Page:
Have you ever considered becoming a politician yourself?
I don’t think I would ever get into politics, but we do what we have time for. You also have to be a little careful. I feel more comfortable just telling people my opinion rather than that they should do something. There’s a line where I think it goes from testimonial to crusading. I have to check myself with that, because I think you lose a little credibility when you come off as crusading rather than testifying.
Do you ever think it’s inappropriate for musicians or prominent people to get involved in politics?
No. You have the same rights as any other citizen. You can say whatever you want and do whatever you want. It’s on you if you sound like a dumbass for it.
You met Bill Clinton at the recent Richard Carmona fundraiser. What was that like?
It was surreal. I don’t remember the conversation, it was just really odd, smiling and laughing, and I can’t even remember what I told him. It was just a blur. We met him right after we played. It was bizarre. When he was in the room, after he left, there was a definite change in the energy of the room. There was a whole lot of crazy going on in that room.
Who else was in the room?
(Arizona Cardinals wide receiver Larry) Fitzgerald was there. It was crazy.
After Jimmy Eat World releases its next album, what are the band’s plans?
I think we’re going to be on and off the road through 2014 probably.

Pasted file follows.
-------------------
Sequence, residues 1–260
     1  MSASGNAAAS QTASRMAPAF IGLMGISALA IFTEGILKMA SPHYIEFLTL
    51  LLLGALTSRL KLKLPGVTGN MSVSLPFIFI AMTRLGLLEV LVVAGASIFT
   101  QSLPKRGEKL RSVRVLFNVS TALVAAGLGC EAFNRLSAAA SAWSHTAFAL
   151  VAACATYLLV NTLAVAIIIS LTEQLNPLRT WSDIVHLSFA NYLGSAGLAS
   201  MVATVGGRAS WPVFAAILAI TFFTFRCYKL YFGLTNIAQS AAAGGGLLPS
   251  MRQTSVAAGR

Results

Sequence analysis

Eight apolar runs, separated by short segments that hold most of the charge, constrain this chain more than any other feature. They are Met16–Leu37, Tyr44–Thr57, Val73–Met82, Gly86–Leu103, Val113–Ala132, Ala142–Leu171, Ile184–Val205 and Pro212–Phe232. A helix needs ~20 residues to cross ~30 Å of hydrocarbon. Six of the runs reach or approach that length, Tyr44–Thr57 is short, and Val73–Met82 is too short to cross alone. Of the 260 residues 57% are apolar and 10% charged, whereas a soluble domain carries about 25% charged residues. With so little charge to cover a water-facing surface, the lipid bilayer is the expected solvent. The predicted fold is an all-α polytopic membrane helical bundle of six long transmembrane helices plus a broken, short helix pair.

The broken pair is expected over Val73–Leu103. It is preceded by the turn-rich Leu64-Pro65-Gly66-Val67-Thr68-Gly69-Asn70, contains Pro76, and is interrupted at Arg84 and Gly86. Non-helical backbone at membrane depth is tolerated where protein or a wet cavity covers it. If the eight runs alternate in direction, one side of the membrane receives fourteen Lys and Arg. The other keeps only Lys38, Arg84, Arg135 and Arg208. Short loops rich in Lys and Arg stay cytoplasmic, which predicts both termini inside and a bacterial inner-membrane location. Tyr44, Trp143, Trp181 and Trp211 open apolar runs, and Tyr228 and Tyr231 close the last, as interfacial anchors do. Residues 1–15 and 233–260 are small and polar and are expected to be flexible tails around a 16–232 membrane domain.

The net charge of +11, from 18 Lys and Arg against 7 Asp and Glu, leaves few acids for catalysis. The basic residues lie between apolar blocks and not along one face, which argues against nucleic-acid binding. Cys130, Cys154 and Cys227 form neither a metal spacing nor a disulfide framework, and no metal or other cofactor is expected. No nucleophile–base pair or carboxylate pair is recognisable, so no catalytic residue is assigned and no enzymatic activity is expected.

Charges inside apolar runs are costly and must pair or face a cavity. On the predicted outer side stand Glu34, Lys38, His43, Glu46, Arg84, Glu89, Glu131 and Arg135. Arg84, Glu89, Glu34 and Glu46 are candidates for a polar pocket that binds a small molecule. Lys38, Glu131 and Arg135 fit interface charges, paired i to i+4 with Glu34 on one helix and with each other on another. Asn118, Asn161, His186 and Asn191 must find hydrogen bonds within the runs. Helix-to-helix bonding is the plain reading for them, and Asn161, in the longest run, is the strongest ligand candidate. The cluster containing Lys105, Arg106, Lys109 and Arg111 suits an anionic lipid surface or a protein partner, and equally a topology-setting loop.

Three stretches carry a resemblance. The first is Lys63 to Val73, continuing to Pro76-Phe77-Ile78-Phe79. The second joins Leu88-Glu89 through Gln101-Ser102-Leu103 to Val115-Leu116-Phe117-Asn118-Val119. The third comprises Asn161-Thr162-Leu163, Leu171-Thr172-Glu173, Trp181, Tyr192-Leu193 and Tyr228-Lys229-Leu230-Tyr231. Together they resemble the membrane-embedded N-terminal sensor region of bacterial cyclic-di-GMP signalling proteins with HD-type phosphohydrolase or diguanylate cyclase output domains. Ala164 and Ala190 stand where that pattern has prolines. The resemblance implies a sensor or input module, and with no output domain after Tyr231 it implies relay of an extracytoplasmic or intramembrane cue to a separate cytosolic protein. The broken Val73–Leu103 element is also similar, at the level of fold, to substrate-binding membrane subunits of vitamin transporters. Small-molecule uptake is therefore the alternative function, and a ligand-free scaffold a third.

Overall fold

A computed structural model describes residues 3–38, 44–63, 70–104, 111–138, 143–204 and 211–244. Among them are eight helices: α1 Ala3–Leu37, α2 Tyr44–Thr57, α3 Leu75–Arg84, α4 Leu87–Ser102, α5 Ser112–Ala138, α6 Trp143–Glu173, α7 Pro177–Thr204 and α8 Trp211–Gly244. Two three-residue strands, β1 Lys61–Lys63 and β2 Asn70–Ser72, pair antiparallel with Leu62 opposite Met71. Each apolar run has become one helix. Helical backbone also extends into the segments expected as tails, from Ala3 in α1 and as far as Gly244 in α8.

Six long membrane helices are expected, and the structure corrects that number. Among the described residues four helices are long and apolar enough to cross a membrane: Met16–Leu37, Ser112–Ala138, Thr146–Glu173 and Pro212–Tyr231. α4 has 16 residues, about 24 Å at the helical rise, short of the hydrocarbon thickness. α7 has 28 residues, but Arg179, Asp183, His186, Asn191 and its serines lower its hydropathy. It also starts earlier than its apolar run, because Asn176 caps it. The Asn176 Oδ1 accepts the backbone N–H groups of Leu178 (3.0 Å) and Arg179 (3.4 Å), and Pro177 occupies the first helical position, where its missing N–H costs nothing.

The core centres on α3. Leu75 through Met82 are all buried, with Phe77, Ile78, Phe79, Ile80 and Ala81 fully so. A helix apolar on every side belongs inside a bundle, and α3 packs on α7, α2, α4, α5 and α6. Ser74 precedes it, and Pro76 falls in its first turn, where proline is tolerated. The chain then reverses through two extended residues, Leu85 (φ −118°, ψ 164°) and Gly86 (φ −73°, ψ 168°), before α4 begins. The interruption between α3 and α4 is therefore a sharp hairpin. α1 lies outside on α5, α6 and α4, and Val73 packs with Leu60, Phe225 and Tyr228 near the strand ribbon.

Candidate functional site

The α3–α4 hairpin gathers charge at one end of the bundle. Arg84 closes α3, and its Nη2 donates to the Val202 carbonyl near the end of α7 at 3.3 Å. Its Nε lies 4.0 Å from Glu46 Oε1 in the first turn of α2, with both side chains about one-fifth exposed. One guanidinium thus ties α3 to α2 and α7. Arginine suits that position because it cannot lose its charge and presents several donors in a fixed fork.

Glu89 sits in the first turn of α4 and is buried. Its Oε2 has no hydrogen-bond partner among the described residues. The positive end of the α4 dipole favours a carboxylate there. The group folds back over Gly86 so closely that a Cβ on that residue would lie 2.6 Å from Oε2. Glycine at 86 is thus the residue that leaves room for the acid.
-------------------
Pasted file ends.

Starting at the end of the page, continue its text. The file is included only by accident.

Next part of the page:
Do you have any Arizona shows planned?
We’re hoping we can put something together really special for Arizona.
What’s your favorite venue in town to play?
I love Crescent Ballroom. It’s a great rock music club, but we do a good job of finding an academic way to appreciate even the most horrible show.
If you’re not at a show, where do you hang out?
I’m usually at our studio in Tempe. Its working title is ‘Unit 2.’
What do you do for fun here?
Just hang out. I go see bands play a lot. Sporting events with kids takes up a lot of time, too.
What are your favorite teams to watch?
We like the D-Backs‘ team. Their field is awesome, and my kids’ sporting events take up a lot of time, too.
How do you take care of your voice?
Everything you’re supposed to do — not smoking, try to watch your drinking. I get reflux sometimes, especially when I’m on tour. You have to watch coffee and stuff late in the day when you’re performing at night because it’s really acidic, things like that. The effective thing is making sure you warm up. There are exercises I’ve learned that get the voice ready.
What is your opinion about Valley radio stations?
That’s an interesting question. I like supporting and working with any person or institution trying to facilitate growth in the local art scene. I support the ASU station as much as I can — KASC The Blaze, 1330-AM. The cyclical nature of a college radio station means there are always new people with good ideas trying to make a difference. The independent Edge station was like that, as well. I think for local radio to succeed, it has to be unique — curated so well you choose it over whatever else you could be doing. There is a whole lot of that these days. I am pulling for the new incarnation of KUKQ. They are people who get it and are trying to make something really happen.